I am a 28-year-old graduate student living in Atlanta, GA. I grew up reading books – hundreds of books, because I loved to read. My family was middle-class, but not wealthy. They couldn’t afford to buy all the books I wanted to read, so I got my books at the public library. I could check out up to 10 books at a time, and I could even get movies and music and foreign language tapes!
Thanks to all this reading, I did fairly well in school. I went to public school, which my parents really appreciated, because it didn’t cost much money to send me there. I took A(dvanced) P(lacement) classes in high school and received over a semester’s worth of college credit…for free! My parents were also happy about that, because it saved them some money when I went off to college in Massachusetts. I was able to graduate a year early and join the AmeriCorps program.
Since I got all these free books and education, I thought I should give back. So for a whole year I worked 50+ hours per week for a nonprofit agency in Arizona, and only made $800 a month. It’s not easy to live on that amount of money, but I met so many other low-income families who somehow managed to make ends meet, that I figured I could do it, too. And I managed, with some a lot of help from friends and family. AmeriCorps provided me with health insurance for that year. It wasn’t great coverage, but at least I didn’t have to pay an arm and a leg for it, because there is no way I could have afforded insurance on only $800 a month.
After my year of service ended, I worked for nonprofits for a few more years before I decided to go back to school for my social work degree. I had just started grad school full-time when the doctor found some pre-cancerous cells that needed to be removed. I had two quick outpatient procedures, each lasting less than 30 minutes. I had really good insurance, so I wasn’t worried. Insurance would cover 80% of the cost, and for two short procedures, I figured the cost couldn’t be that high.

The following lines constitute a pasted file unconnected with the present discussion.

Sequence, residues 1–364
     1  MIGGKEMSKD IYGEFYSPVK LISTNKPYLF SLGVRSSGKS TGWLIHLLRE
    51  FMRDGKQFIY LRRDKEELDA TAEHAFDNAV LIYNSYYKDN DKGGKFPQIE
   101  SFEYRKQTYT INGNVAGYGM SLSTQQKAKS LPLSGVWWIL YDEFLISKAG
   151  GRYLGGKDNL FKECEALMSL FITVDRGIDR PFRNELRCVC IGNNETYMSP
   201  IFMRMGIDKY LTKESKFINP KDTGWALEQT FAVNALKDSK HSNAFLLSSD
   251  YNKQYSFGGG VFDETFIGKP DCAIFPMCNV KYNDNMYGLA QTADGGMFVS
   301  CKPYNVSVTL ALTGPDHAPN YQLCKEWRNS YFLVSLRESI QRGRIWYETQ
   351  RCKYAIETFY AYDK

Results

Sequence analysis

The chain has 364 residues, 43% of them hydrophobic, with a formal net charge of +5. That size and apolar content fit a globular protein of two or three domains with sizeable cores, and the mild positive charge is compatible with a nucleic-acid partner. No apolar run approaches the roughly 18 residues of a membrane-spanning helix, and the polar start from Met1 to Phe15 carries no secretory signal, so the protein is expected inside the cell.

I was wrong.
The hospital bills (just the portion I owed, after insurance covered its 80%) totaled over $5,000. I was a full-time student. I received a $500/month stipend for being a research assistant. How was I supposed to pay $5,000 in medical bills? I had to beg and plead with the billing staff to let me pay just $50 a month – and even that was more than I could afford to pay. I thought I was going to have to drop out of school and just work full time.Except the economy tanked and no one was hiring. Luckily, I was written off as a charity case, after months of threatening letters from the hospital, tearful phone calls, faxes of bank statements, and letters from my school.
And I’m one of the lucky ones. I know my story is nowhere near as sad or infuriating as many of the stories out there – and I’m so thankful for that… but this whole ordeal was such an eye-opening experience for me. Up until last year, I just assumed that should I or any of my loved ones need medical attention, we’d just…. get it. Without having to go into serious debt, have our credit scores threatened, or have to stress out about how to pay for it. We have insurance, and that is supposed to cover our health care costs.
So please, ladies and gentlemen of Congress, please, please, please listen to the PEOPLE you are supposed to be serving. Hear our stories. We need affordable health care. We need our insurance companies to be kept in check. We need you to pass legislation for health care reform. And we need you to do it NOW. We don’t have lots of money to sway your votes or lobby aggressively. We’re too busy trying to find jobs that will pay for our insurance and health care costs. You have been elected to serve us, and, excuse my rudeness, but – I’m talking to you Senators Chambliss and Isakson – you’re doing a piss poor job of it!
We need a public health insurance option. We need regulation for private insurance companies.
The public library and my public school education have served me well. Extremely so. Can I please get public health care, too? I will gladly and willingly pay more in taxes for this service. And all you tea-party folks – well, I will save that letter for another day.
Your displeased constituent,